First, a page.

The Science Behind Why Massage Feels So Good

The sensation of a massage is something that has been enjoyed by humans for centuries. But why does it feel so good? Recent research has revealed the science behind why massage feels so good, and the results are amazing. The therapist's touch causes an immediate reaction in the brain. As soon as nerve cells in the skin feel pressure, they tell the brain to release feel-good chemicals called endorphins, which improve mood and cause a natural high.

A lot happens in your body and brain when you get a massage. On the one hand, massage has been shown to release a surge of dopamine and serotonin in the brain, while reducing cortisol, the stress hormone, leading to general relaxation. The massage also stimulates pressure receptors, which improve vagal activity. An Australian study found that a 10-minute muscle massage after a workout could reduce pain by 30%.

Another review study on massage found that levels of cortisol, the stress hormone, fell 31% after a massage, while levels of feel-good hormones, such as dopamine and serotonin, increased by approximately 30%. The sensation of a massage also produces feel-good hormones, called endogenous opioids, that prevent painful messages from reaching the brain. These “pain reliever” opioids are the same type of medication as morphine, but they are produced in our own bodies. Massage can also cause the release of serotonin, the same chemical substance that gives us that good feeling after exercise and can significantly affect pain modulation.

When you get a good quality massage, it also affects you on an emotional level. Research shows that meaningful touch stimulates the brain's orbitofrontal cortex, which is related to feelings of reward, compassion, security and trust. While this could be part of the endorphin pathway, other mechanisms are probably involved as well. Massage is known to promote relaxation.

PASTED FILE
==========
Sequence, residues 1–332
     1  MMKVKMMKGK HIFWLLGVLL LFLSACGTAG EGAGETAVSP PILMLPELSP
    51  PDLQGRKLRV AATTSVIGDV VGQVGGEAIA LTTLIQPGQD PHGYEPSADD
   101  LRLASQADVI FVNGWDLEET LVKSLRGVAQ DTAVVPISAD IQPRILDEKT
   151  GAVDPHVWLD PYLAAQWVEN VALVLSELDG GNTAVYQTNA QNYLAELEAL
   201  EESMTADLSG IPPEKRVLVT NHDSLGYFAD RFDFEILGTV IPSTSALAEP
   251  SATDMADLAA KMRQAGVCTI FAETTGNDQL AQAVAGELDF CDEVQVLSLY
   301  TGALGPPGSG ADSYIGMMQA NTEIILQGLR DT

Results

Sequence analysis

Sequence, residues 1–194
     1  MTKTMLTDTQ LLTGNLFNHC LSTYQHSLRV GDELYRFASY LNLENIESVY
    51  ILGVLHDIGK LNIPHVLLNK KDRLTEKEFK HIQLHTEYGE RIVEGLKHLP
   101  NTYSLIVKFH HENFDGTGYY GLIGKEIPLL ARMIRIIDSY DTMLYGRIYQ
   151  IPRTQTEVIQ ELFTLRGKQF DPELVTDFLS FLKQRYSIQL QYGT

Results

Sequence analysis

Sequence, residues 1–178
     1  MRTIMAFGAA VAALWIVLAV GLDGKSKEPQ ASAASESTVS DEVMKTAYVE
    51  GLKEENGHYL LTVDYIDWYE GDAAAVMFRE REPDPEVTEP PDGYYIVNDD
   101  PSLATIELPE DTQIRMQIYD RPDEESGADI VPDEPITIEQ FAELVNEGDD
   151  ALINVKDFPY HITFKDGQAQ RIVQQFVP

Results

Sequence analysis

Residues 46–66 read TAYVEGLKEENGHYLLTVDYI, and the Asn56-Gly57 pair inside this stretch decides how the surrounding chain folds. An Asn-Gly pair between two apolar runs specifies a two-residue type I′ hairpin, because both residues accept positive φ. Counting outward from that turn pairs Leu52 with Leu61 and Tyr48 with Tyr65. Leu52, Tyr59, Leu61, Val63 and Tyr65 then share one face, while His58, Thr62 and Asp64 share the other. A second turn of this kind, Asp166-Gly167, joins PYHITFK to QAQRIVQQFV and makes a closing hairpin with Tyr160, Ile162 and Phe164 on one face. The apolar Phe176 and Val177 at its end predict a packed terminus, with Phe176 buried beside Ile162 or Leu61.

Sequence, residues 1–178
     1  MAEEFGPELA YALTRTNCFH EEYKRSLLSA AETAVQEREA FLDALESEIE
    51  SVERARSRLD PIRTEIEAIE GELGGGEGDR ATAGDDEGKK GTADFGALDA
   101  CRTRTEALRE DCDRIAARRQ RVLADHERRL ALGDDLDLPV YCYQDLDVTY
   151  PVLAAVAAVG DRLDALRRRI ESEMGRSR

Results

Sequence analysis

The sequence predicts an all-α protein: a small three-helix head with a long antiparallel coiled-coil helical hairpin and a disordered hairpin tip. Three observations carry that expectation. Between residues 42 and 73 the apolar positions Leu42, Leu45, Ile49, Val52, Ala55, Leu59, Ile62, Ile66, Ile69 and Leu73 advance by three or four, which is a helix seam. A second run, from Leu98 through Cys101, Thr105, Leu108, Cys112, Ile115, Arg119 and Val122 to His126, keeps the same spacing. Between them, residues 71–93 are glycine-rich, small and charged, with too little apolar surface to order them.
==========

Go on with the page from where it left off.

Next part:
It does so by releasing happiness hormones, including serotonin, dopamine and endorphins. Serotonin binds to serotonergic receptors in the brain and causes feelings of happiness. This study confirms something that human beings have known for centuries: a good massage works wonders after training.

The massage therapist

should perform a touch evaluation to locate sore or tense areas and determine how much pressure to apply. From relieving muscle pain after exercise to reducing stress, dozens of studies dating back several decades have linked massage to real physical and psychological benefits. It is not until a nerve impulse reaches the somatosensory cortex that it is interpreted as a sensation of touch, such as a sensation of sharpness, heat, cold or vibration. An article published in Exercise Physiology suggests that people who receive massages after 24 hours of intense exercise develop less muscle pain compared to those who didn't.

All the scientific facts about chemicals and hormones and nerve stimulation do little to fully articulate the peace that can be felt during and after a massage. Conversely, massage can be a powerful tool to help you take charge of your health and well-being, whether you have a specific health condition or are simply looking for another stress reliever. Regardless of the type of massage you choose, you should feel calm and relaxed during and after the massage. After all, there is no version of sugar pill massage that can be compared to a “real” massage to discover the non-placebo effects of the treatment. Look for evidence that a massage will improve your health and you'll have no trouble finding research to back you up. But why does the massage feel so good? Is there any scientific reasoning behind this? What are the health benefits of massage? What about risks? Some of the answers are amazing.

Mark Szymonik
Mark Szymonik

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